Last Days Of The Moken

Excerpt from a new story by Michael Shapiro:

Last Of The Moken Myanmar Mergui Archipelago  “You want to try something special today,” says our Moken guide Ngoy at the start of our third day in Ko Surin, a group of islands in the Andaman Sea off the west coast of Thailand. “Let’s take the kabong!”
These are the first words Ngoy says to us today – the Moken don’t say hello, goodbye or thank you. “We just see one another’s eyes,” Ngoy says. “That’s enough.”

It’s our third day among the Moken, a nomadic sea people whose ancestors have drifted among the islands near what is now Thailand and Myanmar for thousands of years.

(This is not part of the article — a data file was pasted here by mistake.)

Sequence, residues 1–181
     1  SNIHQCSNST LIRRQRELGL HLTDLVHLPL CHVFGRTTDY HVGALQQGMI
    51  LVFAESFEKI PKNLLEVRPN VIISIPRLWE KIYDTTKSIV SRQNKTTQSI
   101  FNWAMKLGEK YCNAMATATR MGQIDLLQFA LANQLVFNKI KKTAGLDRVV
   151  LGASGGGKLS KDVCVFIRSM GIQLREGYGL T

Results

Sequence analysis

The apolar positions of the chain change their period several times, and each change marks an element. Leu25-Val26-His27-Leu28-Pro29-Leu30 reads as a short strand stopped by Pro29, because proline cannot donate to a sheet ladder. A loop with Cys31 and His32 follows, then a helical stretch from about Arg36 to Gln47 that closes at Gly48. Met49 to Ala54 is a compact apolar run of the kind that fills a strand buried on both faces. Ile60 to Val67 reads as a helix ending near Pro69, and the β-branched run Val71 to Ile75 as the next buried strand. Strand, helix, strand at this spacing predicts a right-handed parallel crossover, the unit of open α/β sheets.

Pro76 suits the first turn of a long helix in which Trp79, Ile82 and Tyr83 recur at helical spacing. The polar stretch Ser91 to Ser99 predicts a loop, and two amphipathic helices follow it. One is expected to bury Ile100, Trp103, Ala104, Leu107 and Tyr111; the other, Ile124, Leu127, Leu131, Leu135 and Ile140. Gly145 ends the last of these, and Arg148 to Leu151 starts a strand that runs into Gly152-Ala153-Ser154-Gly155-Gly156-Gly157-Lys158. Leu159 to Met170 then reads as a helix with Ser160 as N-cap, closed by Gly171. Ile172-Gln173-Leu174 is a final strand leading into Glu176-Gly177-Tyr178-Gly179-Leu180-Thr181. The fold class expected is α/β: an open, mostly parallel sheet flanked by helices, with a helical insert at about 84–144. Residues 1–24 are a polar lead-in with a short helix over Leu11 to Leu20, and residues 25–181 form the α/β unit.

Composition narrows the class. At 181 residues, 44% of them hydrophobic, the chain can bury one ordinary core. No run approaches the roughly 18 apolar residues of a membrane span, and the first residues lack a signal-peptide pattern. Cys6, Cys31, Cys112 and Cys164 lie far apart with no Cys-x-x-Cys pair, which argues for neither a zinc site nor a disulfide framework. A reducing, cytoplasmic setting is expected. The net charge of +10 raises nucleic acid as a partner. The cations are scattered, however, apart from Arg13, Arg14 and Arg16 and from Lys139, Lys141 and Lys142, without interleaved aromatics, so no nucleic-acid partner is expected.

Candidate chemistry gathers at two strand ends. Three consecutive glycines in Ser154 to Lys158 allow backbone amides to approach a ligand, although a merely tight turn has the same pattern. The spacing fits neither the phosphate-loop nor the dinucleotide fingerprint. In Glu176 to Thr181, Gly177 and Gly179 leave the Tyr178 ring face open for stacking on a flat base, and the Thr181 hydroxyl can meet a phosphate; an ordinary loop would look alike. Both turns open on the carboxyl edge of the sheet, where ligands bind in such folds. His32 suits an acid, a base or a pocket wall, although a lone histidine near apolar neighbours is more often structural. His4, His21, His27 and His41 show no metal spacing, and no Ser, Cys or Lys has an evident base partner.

“The kabong is our traditional boat, the center of our universe,” Ngoy says. For countless generations it’s been everything to the Moken people: their home, their transportation, their means for catching fish. This boat took Ngoy’s village six months to build – today most Moken get around in Thai longtail boats, but they built this kabong to keep their traditions alive.

Read the full story here:  Floating with the Moken: A journey among a nomadic sea people